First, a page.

That’s why I’m so excited for people to become less impressed with our modern day Aristotles and Galens. Perhaps then people will be inspired to outdo them. The last time people started feeling this way, we got, uh, pretty much everything that was discovered from 1543 onward. So I’m kinda looking forward to seeing what happens this time around.
THE LAND OF TINY MUFFINS
I hope that inspiration comes soon, because right now we are sorely lacking in it. Today, the primary function of our scientific and educational institutions is to take in young people and lower their ambitions. “Oh, you want to change the world? You should join our Young World-Changers Program, where we do leadership seminars and write on whiteboards and discuss how nice it would be to change the world, if only such a thing were possible.”
I lived in this world for a long time, a world full of people eating tiny muffins from breakfast buffets and listening to talks, all the while going, “We’re doing it, we’re doing it!” Success meant getting invited to the cooler conferences, where the muffins are tastier and the speakers are more famous.
If I worked really hard, I knew, I could one day graduate from muffin-eater to talk-giver. I wanted that really bad. Being at the front of the room, behind the podium, a Thought Leader, a real life galaxy brain—that seemed pretty cool, which justified any steps it took to get there, no matter how onerous or debasing.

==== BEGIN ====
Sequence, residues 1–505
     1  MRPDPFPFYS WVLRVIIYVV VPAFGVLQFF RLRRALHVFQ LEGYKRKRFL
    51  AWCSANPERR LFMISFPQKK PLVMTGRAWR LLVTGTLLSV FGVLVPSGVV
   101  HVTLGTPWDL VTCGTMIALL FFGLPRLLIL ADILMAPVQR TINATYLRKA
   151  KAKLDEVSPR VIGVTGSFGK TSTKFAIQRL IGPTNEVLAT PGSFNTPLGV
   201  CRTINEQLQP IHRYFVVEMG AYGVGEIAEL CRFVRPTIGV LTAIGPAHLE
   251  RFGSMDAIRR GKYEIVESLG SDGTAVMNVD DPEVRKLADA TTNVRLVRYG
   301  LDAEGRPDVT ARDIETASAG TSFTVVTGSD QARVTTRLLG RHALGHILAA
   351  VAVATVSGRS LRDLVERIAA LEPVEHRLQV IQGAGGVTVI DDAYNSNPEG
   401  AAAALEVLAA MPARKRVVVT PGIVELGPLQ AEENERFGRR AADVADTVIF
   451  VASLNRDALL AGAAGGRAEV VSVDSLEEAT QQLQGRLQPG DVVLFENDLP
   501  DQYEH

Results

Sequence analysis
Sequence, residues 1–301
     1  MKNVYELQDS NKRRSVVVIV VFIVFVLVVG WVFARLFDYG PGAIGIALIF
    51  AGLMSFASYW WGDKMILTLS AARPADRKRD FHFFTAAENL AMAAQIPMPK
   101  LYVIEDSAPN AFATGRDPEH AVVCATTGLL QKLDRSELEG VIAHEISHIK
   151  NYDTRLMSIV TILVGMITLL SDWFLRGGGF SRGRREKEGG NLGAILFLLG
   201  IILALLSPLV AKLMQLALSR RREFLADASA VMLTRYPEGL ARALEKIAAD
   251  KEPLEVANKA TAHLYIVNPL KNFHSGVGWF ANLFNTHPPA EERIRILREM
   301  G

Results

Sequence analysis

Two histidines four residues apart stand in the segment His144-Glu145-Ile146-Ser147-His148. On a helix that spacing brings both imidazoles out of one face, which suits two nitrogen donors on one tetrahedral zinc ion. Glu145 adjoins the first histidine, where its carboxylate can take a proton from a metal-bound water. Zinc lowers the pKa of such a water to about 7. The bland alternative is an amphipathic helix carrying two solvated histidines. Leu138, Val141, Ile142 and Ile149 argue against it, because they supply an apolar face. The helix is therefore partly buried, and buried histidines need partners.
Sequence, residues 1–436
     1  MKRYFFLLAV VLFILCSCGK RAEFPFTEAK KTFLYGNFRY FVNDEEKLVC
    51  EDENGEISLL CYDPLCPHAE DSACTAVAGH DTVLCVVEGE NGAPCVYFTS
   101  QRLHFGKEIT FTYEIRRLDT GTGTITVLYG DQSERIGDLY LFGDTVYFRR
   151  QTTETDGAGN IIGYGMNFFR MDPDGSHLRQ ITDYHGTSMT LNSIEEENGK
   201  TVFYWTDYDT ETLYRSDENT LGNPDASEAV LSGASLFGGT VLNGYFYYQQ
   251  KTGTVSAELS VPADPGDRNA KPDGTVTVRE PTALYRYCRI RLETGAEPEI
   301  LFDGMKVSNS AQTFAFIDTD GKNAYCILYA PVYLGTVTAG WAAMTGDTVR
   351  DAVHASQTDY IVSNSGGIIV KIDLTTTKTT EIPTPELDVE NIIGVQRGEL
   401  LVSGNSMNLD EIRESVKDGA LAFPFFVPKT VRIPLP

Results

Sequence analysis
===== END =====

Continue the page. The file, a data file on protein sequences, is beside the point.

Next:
Then, couple years ago, I looked around and realized that I didn’t actually admire most of the people I was trying to be. I envied what they had and I feared what they could do to me, and I mistook those feelings for admiration; I thought I was looking up to them when I was only looking up at them. Many of them were petty and cruel, uncurious about ideas except as a means for acquiring status, quick to decry injustice but unwilling to risk anything to rectify it, usually polite but rarely honorable, busy but useless, eminent but uninspiring, well-spoken but cowardly. I knew I would only become more like these people if I kept going, so I stopped.4
This was true both inside science and in the Achievementsphere more generally, where people with highfalutin resumes kept turning out to have lowfalutin character. I know this seems naive now, but I guess I assumed that respected people would be respectable. Otherwise, how did they get where they got? I hadn’t yet heard about Goodhart’s Law, hadn’t yet realized how every system is vulnerable to the slithering schemes of sociopaths, hadn’t yet seen how institutions can’t tell the difference between looking good and being good.
(One moment that really drove this home for me was when I was talking to some friends and we realized we had all had creepy, off-putting interactions with the Dean of Inclusion.)
I know academics are always dramatic about our world, as if we’re the only ones with jobs that have downsides. (“Did you know that, in industry jobs, you make one billion dollars every week and each morning your boss kisses you on the forehead and says what a good boy you are?”) This same story plays out everywhere, of course. Every profession and organization has its own hierarchy that rewards the villainous and the virtuous alike, and that makes everyone worse off for participating. It’s like playing a life-sized game of Monopoly, where you can get so caught up in learning the rules, following all the ups and downs, and trying to win that you can forget the money is fake and cannot be traded for goods or services, and that the person who wins is usually the one who snuck a few $500s from the bank when no one was looking. Plus, you’re competing to see who can be the biggest landlord. It’s a stupid game with a stupid prize, but it’s hard to walk away—you’d lose all your Monopoly money!